Georgeson ended 2018 by hosting unclaimed property forums in Philadelphia and New York in December.  Between the two events, guests heard from many knowledgeable guest speakers including: Valerie Jundt (VMJ Consulting), Freda Pepper (Counsel, Reed Smith LLP), Brian Munley (Director, Pennsylvania Treasury), Robert Tambini (Director of Audits, New York), and Brenda Mayrack (State Escheator, Delaware). Reed Smith LLP co-sponsored the forum in Philadelphia by hosting in their offices overlooking downtown Philadelphia.  

Both events began with a review of the Unclaimed Property Basics. Additionally, both events covered a review of IRS Revenue Ruling 2018-17, Audits/VDA updates, and a state panel update.  Freda Pepper of Reed Smith also provided a current litigation update in Philadelphia.

The IRS Revenue Ruling 2018-17 was released in May 2018 and clarified that the escheatment of an IRA account is a designated distribution, and therefore is subject to the 10% withholding tax and Form 1099-R reporting. Originally, the ruling had a transitional compliance date of January 1, 2019 however; the IRS has since issued Notice 2018-19 providing an extension to January 1, 2020.  There continue to be many implementation obstacles with the ruling that will be reviewed and discussed with IRS and the Treasury department in upcoming months.

Pam Wentz, National Practice Leader at Georgeson, gave an update on audits and Voluntary Disclosure Agreements (VDAs). She outlined the current audit landscape by explaining that audits are still on the rise by state conducted and third-party contingent fee auditors.  There continues to be an increase in the number of audit firms in the unclaimed property space; most taking aggressive positions that result in inflated audit findings. The risk of an audit continues to be a drain on a company’s time and resources, as most audits take multiple years to complete and remediation efforts can often be overwhelming.  In addition, an audit can present various financial risks to an organization such as the use of estimation where records no longer exist, penalties and interest, and possible litigation if an agreement cannot be reached.  Reputational risk is often the most sensitive risk to a company undergoing an unclaimed property audit.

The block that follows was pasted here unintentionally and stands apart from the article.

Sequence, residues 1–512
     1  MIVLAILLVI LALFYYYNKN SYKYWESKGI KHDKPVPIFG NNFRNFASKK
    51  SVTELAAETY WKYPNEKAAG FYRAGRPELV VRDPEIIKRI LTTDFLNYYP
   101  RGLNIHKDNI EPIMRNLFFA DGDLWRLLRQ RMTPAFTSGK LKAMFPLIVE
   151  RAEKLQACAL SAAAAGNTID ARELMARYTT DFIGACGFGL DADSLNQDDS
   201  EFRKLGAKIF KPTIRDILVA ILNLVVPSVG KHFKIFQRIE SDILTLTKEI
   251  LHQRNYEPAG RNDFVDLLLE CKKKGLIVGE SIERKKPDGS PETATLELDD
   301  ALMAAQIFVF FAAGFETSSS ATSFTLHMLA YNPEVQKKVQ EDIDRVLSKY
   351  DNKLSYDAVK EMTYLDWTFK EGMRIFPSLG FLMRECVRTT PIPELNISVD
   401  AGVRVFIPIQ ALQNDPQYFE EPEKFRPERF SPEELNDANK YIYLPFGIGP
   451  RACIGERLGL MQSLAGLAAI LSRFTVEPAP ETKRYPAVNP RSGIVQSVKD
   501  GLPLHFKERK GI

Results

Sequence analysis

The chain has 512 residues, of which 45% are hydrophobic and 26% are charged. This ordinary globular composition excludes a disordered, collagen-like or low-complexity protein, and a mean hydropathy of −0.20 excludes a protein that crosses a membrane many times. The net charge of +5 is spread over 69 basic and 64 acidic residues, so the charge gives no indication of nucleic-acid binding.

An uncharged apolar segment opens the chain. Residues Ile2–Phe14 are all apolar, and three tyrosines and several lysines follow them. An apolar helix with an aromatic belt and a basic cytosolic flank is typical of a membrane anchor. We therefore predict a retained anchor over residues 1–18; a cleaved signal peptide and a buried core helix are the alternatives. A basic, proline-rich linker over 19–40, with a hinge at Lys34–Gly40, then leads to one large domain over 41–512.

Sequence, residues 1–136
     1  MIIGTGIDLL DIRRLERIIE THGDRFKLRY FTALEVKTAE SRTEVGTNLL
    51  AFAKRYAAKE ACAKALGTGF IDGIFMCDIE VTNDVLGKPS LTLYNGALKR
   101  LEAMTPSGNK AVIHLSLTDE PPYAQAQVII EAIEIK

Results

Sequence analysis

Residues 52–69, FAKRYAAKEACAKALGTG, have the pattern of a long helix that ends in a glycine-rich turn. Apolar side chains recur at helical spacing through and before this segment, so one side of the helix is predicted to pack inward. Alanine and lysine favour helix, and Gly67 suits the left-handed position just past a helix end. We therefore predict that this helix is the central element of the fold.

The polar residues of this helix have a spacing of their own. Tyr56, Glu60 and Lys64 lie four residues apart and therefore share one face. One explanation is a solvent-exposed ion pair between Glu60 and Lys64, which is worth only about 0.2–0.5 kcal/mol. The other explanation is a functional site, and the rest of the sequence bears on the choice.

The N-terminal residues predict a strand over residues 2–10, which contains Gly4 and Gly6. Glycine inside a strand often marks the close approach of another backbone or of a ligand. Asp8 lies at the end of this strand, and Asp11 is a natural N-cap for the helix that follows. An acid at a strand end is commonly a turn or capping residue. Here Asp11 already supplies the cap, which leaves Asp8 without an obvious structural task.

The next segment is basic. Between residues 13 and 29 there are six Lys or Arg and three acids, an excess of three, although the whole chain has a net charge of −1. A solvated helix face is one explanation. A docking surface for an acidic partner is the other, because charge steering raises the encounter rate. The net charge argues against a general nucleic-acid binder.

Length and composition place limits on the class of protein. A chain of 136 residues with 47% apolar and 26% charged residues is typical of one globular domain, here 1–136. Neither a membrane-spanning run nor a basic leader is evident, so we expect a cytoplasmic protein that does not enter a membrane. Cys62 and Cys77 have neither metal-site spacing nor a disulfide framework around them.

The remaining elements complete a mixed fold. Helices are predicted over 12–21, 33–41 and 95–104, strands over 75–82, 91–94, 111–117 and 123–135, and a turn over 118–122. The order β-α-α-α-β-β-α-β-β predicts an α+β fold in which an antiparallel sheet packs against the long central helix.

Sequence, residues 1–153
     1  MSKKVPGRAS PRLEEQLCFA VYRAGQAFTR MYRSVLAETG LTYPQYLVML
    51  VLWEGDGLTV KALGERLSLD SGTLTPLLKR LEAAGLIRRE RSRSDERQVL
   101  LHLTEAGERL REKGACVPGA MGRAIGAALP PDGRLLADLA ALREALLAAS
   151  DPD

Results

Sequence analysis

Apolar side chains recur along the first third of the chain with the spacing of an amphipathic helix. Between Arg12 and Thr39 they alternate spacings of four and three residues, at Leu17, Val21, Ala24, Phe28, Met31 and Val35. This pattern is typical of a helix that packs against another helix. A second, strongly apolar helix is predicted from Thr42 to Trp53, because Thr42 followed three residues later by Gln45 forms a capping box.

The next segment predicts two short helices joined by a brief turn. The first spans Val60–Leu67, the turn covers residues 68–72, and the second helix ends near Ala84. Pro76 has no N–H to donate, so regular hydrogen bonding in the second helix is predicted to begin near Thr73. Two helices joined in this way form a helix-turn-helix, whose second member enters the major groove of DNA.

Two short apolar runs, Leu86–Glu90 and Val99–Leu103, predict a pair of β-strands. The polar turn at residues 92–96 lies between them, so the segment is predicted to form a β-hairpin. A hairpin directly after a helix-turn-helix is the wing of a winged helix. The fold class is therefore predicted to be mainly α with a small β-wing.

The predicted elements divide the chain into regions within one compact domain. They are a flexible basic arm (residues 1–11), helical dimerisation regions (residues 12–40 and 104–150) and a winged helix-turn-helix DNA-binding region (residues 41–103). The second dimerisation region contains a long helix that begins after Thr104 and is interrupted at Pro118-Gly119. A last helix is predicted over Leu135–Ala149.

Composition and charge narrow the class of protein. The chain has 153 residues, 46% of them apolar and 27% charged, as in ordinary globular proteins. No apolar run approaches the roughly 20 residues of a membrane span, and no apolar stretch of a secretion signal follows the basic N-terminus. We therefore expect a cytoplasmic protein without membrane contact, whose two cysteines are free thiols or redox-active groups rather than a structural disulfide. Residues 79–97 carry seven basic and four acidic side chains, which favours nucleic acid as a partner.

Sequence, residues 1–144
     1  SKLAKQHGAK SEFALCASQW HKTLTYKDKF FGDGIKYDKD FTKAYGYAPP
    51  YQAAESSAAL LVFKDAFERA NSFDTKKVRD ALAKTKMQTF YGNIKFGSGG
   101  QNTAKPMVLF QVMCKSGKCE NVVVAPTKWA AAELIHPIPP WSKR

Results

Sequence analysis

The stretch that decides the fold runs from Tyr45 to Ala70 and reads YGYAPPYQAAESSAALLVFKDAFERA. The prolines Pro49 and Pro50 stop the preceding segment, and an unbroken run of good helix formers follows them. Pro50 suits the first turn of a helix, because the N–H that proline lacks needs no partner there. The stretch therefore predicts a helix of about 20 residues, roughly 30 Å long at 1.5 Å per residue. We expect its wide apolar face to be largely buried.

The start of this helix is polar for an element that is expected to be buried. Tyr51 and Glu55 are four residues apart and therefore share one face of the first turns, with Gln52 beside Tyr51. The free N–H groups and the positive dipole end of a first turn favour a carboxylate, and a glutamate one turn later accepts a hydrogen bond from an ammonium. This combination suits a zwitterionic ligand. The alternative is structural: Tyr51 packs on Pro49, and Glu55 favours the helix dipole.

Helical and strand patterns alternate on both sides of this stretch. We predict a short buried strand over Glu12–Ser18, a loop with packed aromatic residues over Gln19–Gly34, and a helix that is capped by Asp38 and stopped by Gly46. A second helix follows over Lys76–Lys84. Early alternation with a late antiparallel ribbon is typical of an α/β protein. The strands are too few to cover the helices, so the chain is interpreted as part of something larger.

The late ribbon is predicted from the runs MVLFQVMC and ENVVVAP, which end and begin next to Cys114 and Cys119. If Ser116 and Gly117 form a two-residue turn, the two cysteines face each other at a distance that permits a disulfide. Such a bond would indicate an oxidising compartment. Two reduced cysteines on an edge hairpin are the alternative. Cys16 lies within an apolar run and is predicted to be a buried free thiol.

VDA updates are of equal concern to organizations as they are an opportunity to avoid extensive, costly audits. Although not available in all states, most states have some sort of formal or informal process (California currently does not have any VDA program). VDAs are generally not an option once a company has been selected for audit so if an organization is contemplating joining into a state’s program, it is better to do so sooner rather than later.  However, before making that decision, all pros and cons should be carefully considered.  Some pros and cons of a VDA are listed below: 

  • ​​Waiver of interest and/or penalities
  • ​​May have to give up legal arguments​
  • ​Holder controls the process
  • Must complete the due diligence and reporting within the timeline afforded by the VDA​
  • ​Generally resolved faster than an audit
  • Most states retain the right to audi​t
  • ​Limit the look back period
  • ​​Process can help establish effective unclaimed property reporting procedures